The two-tier system developed by Dr. Mendell permits heel blood taken at birth to be tested initially for CK with follow up DNA testing for DMD. A CK is obtained on the dried blood spot and if the level exceeds a predetermined threshold, DNA testing is automatically done from the same sample. No follow up blood samples are required. “This two-tier system (CK and DNA testing on same sample) is practical, comprehensive, and cost effective,” said Dr. Mendell, who is also a faculty member in The Ohio State University College of Medicine.

Promising new DMD therapies have rekindled interest in establishing a pathway for newborn screening in the DMD patient population. In 2004, Center for Disease Control workshop participants concluded that early diagnosis of DMD could have potential advantages for families, considering multiple treatment strategies were on the horizon. Funds were made available to Dr. Mendell and his team at Nationwide Children’s Hospital to explore the feasibility for establishing a model for DMD newborn screening in the United States.

The study appearing in Annals of Neurology documents a nearly-four-year pilot study of a voluntary DMD newborn screening program in Ohio. Over the course of the study, 37,749 newborn boys were screened and six were discovered to have DMD gene mutations. In cases where CK was elevated and DMD mutations were not found, the investigators extended the study to identify limb-girdle muscular dystrophy (LGMD) gene mutations as part of the screening process. The published study results confirmed that this was possible and reported that three of the cases had gene mutations found in LGMD.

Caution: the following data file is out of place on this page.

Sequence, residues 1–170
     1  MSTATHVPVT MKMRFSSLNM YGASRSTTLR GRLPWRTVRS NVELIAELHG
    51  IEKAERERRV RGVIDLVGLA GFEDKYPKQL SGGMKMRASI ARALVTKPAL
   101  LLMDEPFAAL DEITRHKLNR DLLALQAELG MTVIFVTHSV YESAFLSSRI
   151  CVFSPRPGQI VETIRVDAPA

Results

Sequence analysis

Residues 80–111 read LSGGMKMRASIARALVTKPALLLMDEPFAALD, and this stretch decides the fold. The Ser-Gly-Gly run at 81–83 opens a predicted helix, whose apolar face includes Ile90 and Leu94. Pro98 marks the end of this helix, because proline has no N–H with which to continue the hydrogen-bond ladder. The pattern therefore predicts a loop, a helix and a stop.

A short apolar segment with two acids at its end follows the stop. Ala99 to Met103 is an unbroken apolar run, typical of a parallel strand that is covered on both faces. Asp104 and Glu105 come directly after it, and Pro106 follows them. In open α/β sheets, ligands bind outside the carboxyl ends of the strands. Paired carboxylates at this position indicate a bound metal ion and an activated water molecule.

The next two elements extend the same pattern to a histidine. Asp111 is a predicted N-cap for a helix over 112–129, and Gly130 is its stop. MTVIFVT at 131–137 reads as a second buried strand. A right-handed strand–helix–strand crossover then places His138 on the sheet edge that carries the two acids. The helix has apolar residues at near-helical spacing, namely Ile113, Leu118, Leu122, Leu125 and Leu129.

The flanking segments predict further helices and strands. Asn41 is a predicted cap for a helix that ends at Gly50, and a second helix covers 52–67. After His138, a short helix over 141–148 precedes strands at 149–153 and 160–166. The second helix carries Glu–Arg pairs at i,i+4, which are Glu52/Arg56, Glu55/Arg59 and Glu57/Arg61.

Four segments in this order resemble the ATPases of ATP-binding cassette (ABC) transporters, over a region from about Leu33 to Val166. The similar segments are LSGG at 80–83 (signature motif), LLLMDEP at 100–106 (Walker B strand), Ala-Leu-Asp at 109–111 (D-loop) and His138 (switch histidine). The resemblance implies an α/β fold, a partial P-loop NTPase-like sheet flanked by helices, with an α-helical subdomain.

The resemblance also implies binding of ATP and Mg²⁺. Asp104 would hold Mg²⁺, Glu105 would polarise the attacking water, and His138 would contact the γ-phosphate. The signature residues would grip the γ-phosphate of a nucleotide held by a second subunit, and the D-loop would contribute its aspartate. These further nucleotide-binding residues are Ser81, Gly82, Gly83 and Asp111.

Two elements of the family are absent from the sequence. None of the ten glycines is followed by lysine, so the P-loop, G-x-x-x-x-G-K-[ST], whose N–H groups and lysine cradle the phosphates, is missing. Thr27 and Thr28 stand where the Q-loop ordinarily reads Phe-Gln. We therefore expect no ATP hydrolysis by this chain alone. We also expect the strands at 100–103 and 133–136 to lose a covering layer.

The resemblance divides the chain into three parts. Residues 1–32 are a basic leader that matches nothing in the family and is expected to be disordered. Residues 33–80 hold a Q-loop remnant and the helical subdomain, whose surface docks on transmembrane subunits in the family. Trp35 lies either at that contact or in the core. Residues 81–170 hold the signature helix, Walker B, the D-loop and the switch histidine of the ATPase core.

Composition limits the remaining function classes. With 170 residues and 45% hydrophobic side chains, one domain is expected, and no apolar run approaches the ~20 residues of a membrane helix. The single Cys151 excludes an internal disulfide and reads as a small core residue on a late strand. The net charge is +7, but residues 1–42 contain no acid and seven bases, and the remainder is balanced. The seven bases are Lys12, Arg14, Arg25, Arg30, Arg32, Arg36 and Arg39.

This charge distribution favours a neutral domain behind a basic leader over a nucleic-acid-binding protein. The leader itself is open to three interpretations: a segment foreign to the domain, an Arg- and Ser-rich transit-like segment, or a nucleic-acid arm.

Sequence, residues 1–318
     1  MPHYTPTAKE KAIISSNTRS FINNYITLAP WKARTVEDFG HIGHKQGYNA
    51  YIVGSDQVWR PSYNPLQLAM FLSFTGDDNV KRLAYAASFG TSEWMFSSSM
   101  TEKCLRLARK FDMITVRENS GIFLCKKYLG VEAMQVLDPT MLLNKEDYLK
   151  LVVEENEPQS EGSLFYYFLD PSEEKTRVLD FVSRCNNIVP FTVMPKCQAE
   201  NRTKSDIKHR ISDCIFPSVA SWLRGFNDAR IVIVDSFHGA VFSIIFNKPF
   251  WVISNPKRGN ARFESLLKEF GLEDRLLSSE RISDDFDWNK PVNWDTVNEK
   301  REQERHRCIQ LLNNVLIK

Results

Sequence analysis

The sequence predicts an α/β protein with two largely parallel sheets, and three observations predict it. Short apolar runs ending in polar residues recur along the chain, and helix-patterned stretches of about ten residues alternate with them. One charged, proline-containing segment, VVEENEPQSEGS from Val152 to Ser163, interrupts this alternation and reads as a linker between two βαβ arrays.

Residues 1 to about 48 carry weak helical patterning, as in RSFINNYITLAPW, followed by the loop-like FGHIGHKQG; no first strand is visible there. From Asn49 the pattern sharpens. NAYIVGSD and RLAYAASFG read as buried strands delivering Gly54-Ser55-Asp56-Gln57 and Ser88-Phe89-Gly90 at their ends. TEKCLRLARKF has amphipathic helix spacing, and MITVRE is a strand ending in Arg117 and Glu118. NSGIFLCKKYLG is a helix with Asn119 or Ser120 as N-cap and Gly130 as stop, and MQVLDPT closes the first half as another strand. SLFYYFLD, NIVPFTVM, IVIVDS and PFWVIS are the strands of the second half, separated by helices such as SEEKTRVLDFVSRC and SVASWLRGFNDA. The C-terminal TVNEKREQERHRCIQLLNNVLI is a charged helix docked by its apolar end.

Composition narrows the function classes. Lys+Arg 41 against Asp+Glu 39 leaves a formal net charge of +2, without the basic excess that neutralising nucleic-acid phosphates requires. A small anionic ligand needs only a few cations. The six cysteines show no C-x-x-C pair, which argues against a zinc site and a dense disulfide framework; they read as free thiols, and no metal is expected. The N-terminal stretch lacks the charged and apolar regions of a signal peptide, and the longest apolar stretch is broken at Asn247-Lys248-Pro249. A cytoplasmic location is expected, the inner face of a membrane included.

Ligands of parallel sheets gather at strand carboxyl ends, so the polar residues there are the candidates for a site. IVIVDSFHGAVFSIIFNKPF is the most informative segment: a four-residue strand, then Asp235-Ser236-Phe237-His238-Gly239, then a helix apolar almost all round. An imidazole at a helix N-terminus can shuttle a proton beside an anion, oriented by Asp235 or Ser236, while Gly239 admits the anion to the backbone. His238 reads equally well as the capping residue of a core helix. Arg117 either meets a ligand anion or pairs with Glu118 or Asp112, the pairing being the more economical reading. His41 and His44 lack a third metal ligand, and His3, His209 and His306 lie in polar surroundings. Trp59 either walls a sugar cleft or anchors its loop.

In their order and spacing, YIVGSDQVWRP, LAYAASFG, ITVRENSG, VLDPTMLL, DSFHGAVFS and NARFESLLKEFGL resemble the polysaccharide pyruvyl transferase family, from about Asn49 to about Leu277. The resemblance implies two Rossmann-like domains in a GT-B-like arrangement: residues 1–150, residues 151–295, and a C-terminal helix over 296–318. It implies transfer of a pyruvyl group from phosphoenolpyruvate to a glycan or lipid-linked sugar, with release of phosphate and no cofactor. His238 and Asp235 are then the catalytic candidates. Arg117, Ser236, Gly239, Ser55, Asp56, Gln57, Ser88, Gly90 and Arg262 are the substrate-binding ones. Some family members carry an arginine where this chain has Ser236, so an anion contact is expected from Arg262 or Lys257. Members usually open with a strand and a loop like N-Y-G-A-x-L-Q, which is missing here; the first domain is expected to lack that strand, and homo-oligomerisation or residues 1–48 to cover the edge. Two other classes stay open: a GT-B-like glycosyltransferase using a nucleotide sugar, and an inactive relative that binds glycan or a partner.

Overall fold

“The program we have introduced differs from past programs and the current Antwerp approach to newborn screening for DMD that require a three-step process,” said Dr. Mendell. “This new process fits current U.S. obstetrics practices and allows us to readily distinguish false and true positive test results.”

Whether DMD treatment has advanced to the point of justifying newborn screening is a judgment yet to be made by state and federal agencies. “If and when an early therapy that improves the health outcome for individuals with DMD becomes available, our study serves as a model for implementation of newborn screening for DMD,” said Dr. Mendell.

In September 2012, the MDA will sponsor a workshop on newborn screening for DMD that will be co-chaired by Dr. Mendell and Michele Lloyd-Puryear from the National Institute of Child Health and Development, National Institutes of Health.

Dr. Mendell is the study’s co-corresponding author along with Robert B. Weiss, PhD, Department of Human Genetics at the University of Utah.

Erin Pope | Newswise Science News
Further information:
http://www.NationwideChildrens.org

More articles from Health and Medicine:

nachricht Infants later diagnosed with autism follow adults’ gaze, but seldom initiate joint attention
24.05.2019 | Schwedischer Forschungsrat - The Swedish Research Council

nachricht When wheels and heads are spinning - DFG research project on motion sickness in automated driving
22.05.2019 | Technische Universität Berlin

All articles from Health and Medicine >>>

The most recent press releases about innovation >>>

Die letzten 5 Focus-News des innovations-reports im Überblick: